SMAC/Coleman Demands for Sustaining City College

Students Making a Change and Coleman Advocates for Children and Youth come out with a clear vision for how to fix City College and for how the college should look as it works to emerge from the current crisis:

City College of San Francisco is facing an uncertain future, and the lives of marginalized students are most at stake.  Students Making A Change (SMAC) and Coleman Advocates for Children and Youth are calling on the administration, Board of Trustees, faculty and classified staff to stand with students and support our demands for increasing accountability, transparency, equity, local control, and student voice/representation, as well as SMAC’s specific policy, fiscal, and structural reform recommendations.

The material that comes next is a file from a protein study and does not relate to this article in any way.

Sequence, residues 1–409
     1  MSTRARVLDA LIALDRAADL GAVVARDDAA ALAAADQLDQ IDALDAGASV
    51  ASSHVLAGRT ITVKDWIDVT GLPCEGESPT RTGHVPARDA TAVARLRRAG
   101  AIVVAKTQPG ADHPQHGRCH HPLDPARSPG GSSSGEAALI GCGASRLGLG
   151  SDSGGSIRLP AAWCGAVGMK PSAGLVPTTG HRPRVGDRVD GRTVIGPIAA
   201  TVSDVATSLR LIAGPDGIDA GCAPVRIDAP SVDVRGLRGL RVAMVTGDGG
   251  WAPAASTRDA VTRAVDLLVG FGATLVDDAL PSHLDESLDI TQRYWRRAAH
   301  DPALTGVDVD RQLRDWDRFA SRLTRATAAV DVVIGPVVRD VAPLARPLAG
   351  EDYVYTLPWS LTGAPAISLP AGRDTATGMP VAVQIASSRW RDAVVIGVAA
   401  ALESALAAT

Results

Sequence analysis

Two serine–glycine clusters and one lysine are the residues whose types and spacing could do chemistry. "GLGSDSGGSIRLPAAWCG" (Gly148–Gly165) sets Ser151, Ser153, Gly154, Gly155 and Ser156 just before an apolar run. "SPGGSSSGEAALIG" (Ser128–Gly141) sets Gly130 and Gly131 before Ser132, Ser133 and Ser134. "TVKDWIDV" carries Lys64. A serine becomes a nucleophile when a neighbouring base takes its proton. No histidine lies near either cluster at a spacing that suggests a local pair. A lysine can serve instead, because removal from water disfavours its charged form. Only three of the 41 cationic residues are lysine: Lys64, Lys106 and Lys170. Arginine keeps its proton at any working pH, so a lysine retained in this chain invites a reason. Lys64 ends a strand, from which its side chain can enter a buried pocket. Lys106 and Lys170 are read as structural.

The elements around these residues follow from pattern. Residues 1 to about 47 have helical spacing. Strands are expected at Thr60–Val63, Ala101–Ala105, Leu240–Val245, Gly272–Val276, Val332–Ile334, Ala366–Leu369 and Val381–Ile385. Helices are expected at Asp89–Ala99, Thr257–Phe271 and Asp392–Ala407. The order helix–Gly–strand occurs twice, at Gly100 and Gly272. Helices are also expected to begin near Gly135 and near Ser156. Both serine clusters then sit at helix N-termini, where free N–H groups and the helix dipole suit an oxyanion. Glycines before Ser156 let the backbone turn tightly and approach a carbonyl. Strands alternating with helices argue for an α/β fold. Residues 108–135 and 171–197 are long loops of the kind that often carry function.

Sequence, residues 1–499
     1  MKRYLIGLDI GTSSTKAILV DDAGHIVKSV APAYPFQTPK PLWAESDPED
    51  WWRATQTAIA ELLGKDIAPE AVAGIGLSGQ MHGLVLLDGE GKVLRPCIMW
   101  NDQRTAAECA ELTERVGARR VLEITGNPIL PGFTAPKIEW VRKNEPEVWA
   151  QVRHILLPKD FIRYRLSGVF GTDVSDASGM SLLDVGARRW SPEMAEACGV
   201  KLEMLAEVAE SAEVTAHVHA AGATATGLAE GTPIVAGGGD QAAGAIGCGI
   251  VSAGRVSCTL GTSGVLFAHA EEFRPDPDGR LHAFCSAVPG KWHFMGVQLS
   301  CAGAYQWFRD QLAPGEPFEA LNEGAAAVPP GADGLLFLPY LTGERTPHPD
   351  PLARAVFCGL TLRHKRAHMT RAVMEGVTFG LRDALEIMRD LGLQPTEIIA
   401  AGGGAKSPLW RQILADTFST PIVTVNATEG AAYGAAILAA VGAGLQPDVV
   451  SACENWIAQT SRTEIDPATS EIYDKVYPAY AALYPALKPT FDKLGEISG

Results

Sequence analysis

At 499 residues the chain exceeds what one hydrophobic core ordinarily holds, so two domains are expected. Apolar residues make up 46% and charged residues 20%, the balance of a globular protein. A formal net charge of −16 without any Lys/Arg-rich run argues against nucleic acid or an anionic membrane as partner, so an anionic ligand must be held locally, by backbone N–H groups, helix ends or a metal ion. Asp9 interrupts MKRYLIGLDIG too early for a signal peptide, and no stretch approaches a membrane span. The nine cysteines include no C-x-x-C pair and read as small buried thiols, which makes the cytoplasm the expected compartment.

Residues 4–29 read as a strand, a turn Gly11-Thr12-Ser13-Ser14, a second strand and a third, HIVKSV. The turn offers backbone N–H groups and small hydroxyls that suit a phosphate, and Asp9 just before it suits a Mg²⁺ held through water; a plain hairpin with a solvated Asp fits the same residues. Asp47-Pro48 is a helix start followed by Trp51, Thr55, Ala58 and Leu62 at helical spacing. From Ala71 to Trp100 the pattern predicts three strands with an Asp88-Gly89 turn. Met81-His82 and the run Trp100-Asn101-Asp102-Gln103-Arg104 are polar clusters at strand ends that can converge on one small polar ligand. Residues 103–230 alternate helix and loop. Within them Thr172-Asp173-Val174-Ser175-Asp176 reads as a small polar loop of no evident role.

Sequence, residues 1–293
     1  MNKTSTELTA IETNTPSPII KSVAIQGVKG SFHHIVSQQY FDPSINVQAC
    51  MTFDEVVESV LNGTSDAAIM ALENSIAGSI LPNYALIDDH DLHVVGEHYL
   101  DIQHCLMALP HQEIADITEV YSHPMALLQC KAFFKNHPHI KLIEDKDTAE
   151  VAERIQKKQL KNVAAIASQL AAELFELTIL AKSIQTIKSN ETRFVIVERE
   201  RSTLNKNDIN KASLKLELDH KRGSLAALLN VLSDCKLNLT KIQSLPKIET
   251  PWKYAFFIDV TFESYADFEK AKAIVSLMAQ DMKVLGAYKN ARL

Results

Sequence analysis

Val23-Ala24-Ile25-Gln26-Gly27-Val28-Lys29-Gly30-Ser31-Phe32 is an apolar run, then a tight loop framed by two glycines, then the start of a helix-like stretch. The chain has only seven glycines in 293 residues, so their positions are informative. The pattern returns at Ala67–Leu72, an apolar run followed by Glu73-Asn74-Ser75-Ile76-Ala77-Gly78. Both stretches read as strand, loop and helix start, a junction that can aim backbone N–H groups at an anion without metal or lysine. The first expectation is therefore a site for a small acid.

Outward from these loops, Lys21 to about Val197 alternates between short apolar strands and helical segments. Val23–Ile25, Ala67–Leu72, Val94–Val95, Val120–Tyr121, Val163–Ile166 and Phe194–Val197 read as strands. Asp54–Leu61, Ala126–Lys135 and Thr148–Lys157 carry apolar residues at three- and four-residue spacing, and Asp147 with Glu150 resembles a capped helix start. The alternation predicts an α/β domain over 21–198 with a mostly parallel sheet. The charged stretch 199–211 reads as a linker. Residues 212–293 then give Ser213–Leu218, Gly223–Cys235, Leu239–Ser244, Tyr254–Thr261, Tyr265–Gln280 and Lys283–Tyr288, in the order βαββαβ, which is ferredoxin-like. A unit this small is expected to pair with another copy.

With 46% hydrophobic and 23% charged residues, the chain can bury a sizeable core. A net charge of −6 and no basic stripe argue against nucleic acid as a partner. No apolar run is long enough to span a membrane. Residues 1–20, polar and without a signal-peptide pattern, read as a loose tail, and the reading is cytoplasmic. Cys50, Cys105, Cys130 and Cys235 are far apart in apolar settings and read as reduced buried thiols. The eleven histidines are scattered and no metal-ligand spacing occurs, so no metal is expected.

Click here to go to the Coleman e-alert and a link to more details.


Is CCSF Going to Close? — SMAC and Coleman Break it Down

Figuring out what’s really going on at City College its accreditation can be hard, but CCSF students in Students Making a Change (SMAC), along with Coleman Advocates for Children and Youth break it down in a clear, four-scenario explanation. The bottom line:

“No matter what, there are going to be changes—some budget cuts are going to happen, which will hurt, but the first priority is to make sure that City College stays open for students to get their education!”

See all the details at: http://hosted-p0.vresp.com/367879/cb0327b696/ARCHIVE#report